I'm over that now, but I have to watch for that fear. The fear, or stupidity, is really retarded. And it is always worse to see it in myself, as I've always detested it in others. I've always seen those people who don't know something that they should, and thought less of them. I'll have to remember that I can be as retarded as anyone, and that it just takes a gentle nudge, and a bit of momentum, and the knowledge flows.

Anyway, I learned a lot about apache this week, and about the different categories of dns records, and how it all relates to hosting at home effectivly. It's all simple, and well documented, which is really a beautiful thing about how the forefathers set up the great net of ours.

It's funny too, I was around for the birth of the public internet, with my first account starting in about '90. I've been fairly ignorant about the bulk of what strings it all together, outside of the few bits I've used in my code-slaving. That's the way it works, I guess.

So my personal site is back up, and hosted at home. It's backed on blosxom now, which is easily one of the most intelligent blog-tool designs I've seen (zen-like even). Now I just hope that my ISP doesn't give me grief about it, as the volume is so paltry ... even though it does violate the TOS. I guess if they do get annoying about it, I can switch to dsl, as that carrier is quite happy to let people host at home.

My sites are all moved now, and I'm between oss projects. Work is ok, but I'm bored. Other prospects are still there, but delayed (a year now). But, holidays are comming soon.

Burn-out sucks.

This is one of those reflective summers. I killed my pet projects, nixed my vhosting account, and am leaning towards learning to write better. Any software I work on will probably be related to writing, or Perl, or both. I don't think I'll work on developing blogging s/w anymore, there's enough of that out there, and some of it damned fine software.

I spent most of the week rebuilding a test right to simulate a customer network problem. It has a strange topology, so scaling it to a reasonable testing size was a challenge. The resulting mountain of embedded PCs, simulation PCs and networking equipment dissipates a few hundred watts of heat, and in one of the hottest weeks of the year. Then there's the noise, from dozens of tiny fans doing their best to save the many CPUs from meltdown. Hardware scales so poorly.

I think this is the reason I ended up loving software so much -- the total disconnect from the complexities and limitations of the real world. Not that software is simple, but inter-connecting 10 items is only marginally simpler than with 10,000 items. Now imagine connecting 10,000 network devices? Hardware complexity scales at some inverse proportion to software complexity.

The setup I've been working on simulates a handful of discrete networks, each with a few levels of hubs, switches, and routers. I have no idea why hubs play into this mix, but they do. It's been a long time since I've seen a hub too, since switch prices have been so reasonable in recent years. And factoring the limitations of hubs into the bandwidth capacity is really quite a job too, as it has been a while since I thought about what a limited networking device they are. The difference in bandwidth can be incredible, a few orders of magnitude more than would seem obvious. That depends on where the hub is, of course.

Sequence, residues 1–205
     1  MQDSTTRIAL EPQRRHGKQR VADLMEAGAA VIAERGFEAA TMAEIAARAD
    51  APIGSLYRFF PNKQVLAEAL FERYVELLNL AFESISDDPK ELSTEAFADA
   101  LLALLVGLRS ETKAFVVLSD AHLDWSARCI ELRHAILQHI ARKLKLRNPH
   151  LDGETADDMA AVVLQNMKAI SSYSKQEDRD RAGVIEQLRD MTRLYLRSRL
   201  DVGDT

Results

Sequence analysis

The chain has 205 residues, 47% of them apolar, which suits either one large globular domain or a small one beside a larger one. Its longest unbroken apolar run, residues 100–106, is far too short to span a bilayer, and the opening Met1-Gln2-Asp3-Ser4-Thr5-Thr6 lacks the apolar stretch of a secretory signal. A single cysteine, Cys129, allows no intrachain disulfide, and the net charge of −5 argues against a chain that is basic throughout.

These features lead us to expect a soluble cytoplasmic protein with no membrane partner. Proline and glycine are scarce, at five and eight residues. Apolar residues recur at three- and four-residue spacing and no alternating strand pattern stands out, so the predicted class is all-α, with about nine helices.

I was also reminded how broad the field of networking is. I ran into several technical aspects of networking that I had never considered before, and I've set up several networks in the past. Not that I'm a network guy, but I know a few things. Luckily we have a good admin in our other office, so my dumb questions were answered quickly. Experts are important to an organization, as is knowing who they are.

It was also interesting to go back in time to Windows NT4 and 98. My potpourri of simulation PCs include a few 98-laden laptops, and some NT4-ridden 'embedded' units. All of the actual test hardware is 2k or better, but the simulation stuff is old. Another testament to my very short memory: network configuration has really improved in newer versions of Windows. Microsoft really does improve things. This all would have been easier to set up, of course, with BSD or some Linux variant. But that's probably because I prefer that approach to network configuration, not because it is simpler. Nothing is hidden, it is all there in plain site, in plain-old-text, and in well documented form. I really do hate it when things are obscured.

The network setup ended up taking much longer than it should of. We have piles of hardware and cables, organized in our store rooms, and the many test rigs around the office. But, a recent 100mph project derailed most of our meticulous organization, and mixed up the piles of RJ45 ethernet cabling with the piles of RJ45 serial-line cabling (not to mention the various types of cross-overs). I know you're not supposed to use RJ45 for serial-cabling, but it ends up everyone in this industry does -- and there is no standard pinnout amongst the vendors we buy serial equipment from. So, much of my week was spent finding cables that were actually useful for ethernet networks. A small example of why standards are good, and how sometimes the users of something are more aware of what is useful than the standards bodies are. RJ45/CAT5 make for damned convinient serial cables. They look a lot like ethernet cables too.

This sort of hardware setup isn't actually complicated, but it is certainly tedious if done properly. Each step of a setup needs to be validate, at the granularity of individual PCs and connections. Add to that the OS and software setup, and a week disappears into the ether.